Kent Peterman says he has officially seen everything now: Fake ATM receipts
My old colleague David Strom is also coasting on the work of others this week, and came up with a provocative essay about Ebay entitled How Not To Do Customer Support.
Your federal tax dollars at work: E-mails show DOT chief fought state on emissions Official lobbied against letting California enforce own standard for tailpipe exhaust
This web site is so far off the map you need a map to find it, but what it says is interesting if true: Assassination of Sunni Sheikh "Ally Against Al Qaeda" Reveals Charade Petraeus Fronted to Congress
I doubt this one too, but wouldn't it be fun if it were true:
- U.S.-IRAQ: Fallon Derided Petraeus, Opposed the Surge
By Gareth Porter
WASHINGTON, Sep 12 (IPS) - In sharp contrast to the lionisation of Gen. David Petraeus by members of the U.S. Congress during his testimony this week, Petraeus's superior, Admiral William Fallon, chief of the Central Command (CENTCOM), derided Petraeus as a sycophant during their first meeting in Baghdad last March, according to Pentagon sources familiar with reports of the meeting.
Tom Lasusa surfs the web so you don't have to: A Jedi Order Establishes a New Temple - in Lower Manhattan.. .Navy covering up swastika barracks.. .Celebrate Stephen King's Birthday with REDRUM Cupcakes.. .Yeti footprint photo auctioned.. .Best Science Images 0f 2007 Honored.. .Witchdoctor caught at poll tribunal.. .Radio burst from space mystifies astronomers [(Translated into: The People of Xarkon 7 Wanna rock and roll all night and party every day).. Jackass of the week: Rush Limbaugh says Service members who support U.S. withdrawal are "phony soldiers".. .See how adidas makes footballs-- er soccerballs, oh.whatever (its still a cool gallery).. .Shocker - Dan Rather was a scapegoat?..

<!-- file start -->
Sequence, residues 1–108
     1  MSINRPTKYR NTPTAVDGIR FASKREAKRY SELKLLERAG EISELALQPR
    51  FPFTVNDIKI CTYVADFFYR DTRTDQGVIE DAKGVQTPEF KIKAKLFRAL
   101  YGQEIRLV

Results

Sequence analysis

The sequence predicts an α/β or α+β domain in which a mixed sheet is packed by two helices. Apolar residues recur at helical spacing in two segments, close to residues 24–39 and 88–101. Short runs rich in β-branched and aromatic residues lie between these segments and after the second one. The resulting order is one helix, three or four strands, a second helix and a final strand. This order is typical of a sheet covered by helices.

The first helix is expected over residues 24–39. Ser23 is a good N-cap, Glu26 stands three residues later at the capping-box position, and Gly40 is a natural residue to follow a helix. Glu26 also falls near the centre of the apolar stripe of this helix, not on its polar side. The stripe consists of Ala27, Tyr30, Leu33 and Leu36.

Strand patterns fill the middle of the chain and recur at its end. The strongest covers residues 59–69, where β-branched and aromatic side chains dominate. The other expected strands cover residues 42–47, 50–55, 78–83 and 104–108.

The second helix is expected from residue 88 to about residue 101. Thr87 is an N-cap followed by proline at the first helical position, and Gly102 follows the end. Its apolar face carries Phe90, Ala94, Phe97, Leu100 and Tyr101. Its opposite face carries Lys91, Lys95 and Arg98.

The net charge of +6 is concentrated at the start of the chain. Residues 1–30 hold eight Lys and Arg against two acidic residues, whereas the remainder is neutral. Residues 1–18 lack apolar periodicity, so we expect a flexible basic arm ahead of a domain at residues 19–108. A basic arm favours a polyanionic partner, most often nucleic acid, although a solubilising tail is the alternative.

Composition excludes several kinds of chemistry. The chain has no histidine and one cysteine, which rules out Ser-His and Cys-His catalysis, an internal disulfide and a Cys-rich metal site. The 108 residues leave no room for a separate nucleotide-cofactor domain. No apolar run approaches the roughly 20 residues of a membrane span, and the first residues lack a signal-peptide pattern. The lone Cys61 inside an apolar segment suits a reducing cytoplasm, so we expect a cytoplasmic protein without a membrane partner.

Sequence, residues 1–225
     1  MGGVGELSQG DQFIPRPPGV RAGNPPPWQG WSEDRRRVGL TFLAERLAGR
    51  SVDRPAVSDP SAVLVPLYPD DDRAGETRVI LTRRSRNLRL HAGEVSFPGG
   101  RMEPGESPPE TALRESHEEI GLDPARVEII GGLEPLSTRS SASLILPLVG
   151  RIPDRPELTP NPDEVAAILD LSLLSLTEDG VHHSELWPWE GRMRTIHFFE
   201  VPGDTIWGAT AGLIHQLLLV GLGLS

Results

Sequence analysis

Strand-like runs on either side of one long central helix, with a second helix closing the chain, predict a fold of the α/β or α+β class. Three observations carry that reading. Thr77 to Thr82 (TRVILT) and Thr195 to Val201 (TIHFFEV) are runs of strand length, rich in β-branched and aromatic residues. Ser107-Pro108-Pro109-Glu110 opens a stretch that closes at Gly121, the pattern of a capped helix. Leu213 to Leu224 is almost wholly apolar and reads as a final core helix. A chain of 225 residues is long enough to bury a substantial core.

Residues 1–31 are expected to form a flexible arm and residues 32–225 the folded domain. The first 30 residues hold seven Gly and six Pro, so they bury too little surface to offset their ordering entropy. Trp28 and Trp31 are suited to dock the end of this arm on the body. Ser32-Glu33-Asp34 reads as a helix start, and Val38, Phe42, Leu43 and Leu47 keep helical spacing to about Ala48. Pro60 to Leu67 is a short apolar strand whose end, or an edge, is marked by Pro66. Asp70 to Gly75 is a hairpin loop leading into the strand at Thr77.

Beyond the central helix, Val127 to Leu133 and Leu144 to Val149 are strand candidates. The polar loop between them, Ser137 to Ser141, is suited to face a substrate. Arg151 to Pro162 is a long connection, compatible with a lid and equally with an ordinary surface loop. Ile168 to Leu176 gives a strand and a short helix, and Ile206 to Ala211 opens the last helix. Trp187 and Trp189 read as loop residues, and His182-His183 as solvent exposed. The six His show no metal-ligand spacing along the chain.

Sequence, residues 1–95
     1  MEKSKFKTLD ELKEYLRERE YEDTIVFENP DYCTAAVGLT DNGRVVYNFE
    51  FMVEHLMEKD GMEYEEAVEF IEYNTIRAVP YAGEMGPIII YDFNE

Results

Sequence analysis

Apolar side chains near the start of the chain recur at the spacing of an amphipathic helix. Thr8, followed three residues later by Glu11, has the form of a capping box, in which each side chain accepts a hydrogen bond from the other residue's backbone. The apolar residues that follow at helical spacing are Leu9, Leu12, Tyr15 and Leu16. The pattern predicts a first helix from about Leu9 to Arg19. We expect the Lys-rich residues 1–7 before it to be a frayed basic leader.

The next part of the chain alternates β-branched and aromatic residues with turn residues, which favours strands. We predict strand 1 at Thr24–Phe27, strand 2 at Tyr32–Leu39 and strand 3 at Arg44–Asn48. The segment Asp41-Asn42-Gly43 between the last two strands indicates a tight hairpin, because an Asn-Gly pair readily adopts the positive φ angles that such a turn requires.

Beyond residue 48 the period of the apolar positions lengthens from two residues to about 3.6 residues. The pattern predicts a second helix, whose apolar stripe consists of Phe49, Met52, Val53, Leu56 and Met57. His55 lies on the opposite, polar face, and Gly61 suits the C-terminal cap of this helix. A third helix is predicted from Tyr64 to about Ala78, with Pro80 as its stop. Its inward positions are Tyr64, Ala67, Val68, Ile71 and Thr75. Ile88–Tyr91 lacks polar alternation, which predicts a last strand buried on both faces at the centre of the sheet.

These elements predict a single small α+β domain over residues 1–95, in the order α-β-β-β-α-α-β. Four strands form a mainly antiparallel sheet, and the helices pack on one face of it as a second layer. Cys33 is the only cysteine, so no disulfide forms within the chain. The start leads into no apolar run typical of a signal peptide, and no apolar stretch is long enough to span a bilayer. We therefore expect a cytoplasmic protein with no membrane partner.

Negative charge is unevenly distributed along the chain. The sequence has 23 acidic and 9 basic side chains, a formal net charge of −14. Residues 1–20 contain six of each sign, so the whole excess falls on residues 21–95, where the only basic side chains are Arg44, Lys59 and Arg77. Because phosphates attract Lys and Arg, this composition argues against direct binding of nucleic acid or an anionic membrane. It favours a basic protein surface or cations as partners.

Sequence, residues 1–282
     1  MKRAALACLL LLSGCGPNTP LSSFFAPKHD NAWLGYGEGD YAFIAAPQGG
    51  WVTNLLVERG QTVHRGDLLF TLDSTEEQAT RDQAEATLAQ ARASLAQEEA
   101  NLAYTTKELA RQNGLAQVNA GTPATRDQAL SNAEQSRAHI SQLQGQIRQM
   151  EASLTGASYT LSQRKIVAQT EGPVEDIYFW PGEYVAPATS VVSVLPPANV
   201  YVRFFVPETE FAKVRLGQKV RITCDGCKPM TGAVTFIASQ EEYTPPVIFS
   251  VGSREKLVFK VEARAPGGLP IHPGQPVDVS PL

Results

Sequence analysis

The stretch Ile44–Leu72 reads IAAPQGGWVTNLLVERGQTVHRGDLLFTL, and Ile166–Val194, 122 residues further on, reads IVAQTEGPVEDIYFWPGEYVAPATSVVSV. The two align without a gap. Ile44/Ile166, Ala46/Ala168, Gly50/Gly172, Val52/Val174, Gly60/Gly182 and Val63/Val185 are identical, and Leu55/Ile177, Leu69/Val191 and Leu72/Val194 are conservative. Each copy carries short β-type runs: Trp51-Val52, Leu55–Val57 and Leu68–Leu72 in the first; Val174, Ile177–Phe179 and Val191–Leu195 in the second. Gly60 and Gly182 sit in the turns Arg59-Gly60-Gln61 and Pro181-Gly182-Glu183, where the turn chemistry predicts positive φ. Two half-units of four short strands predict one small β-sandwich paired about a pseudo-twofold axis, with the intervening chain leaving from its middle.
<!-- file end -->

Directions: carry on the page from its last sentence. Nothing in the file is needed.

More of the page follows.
Dan Grobstein File
- [Dan's commentary: Another Krugman link. I thought that Dubya invaded Fallujah to teach the locals a lesson for hanging the contractor's bodies from the bridge. I don't remember a delicate military operation going on in the city at the time. I'll have to do some googling. How much of the gazillion $ that we're spending every day goes to the contractor's pay and how many career military men are we losing to the contractors because they leave the service to make more money. But i guess the people who donate to the republicans can get their meagerly taxed large sums of money.
OPINION | September 28, 2007
Op-Ed Columnist: Hired Gun Fetish
By PAUL KRUGMAN
As far as I can tell, America has never fought a war in which mercenaries made up a large part of the armed force, as is the case in Iraq.
- Bush lied to us about the Iraq war, told the truth to the Spanish prime minister
We sure reacted better to Kruschev 50 years ago. [Ed. note: NPR interviewed Sergei Kruschev, Nikita's son, for the 50th anniversary of Sputnik. Sergei is now an American Citizen and a college professor. Can you beat that?]
Dan Grobstein went to this panel:
A Reporter's Legacy: David Halberstam